Bly (Pardue) is a talented rookie racer, slipping down the rankings due to the immense pressure put on him. Desperate to get him back on track, race boss Carl (Reynolds) calls in washed up driver Joe Tanto (Stallone) to get him back on top.
Stallone brings Rocky to the racetrack in the movie that, for one week only, restored his reputation at the top of the US box office charts.
As usual he's the veteran called out of retirement, despite his troubled past, to give a word of advice to Grand Prix rookie, Jimmy Bly (Pardue). If only Bly can hold it together, he'll have the checkered flag and the Formula One championship in the bag. Pity, then, that he's distracted by the former girlfriend of his arch rival (Schweiger, an arrogant, Teutonic Schumacher-type).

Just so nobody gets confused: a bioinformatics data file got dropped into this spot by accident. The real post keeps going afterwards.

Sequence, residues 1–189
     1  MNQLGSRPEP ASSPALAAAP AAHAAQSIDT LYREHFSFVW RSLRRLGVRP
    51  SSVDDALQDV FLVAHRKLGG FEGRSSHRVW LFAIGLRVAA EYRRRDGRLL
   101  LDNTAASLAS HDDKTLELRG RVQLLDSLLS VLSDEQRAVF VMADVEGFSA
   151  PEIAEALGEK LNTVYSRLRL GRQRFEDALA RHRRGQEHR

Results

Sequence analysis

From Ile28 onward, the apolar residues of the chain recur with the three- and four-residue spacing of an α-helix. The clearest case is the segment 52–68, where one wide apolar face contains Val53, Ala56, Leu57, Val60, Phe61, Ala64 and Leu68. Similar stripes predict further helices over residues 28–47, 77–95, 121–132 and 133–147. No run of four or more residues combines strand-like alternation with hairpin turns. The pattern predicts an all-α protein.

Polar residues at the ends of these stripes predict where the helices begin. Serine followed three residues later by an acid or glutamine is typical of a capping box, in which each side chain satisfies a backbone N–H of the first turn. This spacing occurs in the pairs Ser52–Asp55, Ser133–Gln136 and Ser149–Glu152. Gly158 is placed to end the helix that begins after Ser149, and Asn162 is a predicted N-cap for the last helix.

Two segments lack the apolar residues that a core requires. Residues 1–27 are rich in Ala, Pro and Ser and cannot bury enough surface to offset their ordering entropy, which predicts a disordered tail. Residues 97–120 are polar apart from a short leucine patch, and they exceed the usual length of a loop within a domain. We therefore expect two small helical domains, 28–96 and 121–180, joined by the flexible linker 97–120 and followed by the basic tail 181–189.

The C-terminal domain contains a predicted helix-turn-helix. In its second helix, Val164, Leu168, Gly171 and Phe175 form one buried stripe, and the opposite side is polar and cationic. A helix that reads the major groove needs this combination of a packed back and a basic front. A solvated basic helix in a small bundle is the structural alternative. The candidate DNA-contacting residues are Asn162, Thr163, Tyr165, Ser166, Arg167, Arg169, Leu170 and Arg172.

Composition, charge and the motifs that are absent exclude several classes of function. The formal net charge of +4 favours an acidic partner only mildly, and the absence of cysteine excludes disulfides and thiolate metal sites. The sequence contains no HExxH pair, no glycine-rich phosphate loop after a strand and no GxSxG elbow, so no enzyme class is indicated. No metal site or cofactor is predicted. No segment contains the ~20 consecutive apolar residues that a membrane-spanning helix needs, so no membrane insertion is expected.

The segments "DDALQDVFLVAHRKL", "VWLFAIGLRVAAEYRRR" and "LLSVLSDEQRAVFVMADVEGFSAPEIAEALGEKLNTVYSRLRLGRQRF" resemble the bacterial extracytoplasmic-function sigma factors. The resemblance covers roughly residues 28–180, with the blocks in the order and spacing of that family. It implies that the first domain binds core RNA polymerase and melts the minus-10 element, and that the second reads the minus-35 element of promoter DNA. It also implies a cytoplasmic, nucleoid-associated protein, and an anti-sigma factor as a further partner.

There's plenty of racing action, but it's almost as over the top as the cast's attempts to look serious when handling the nonsensical dialogue and cliché-ridden plot.
Subtlety has never been director Harlin's middle name, so forget the ridiculous dramas and concentrate on the high-octane race scenes in this new Sly film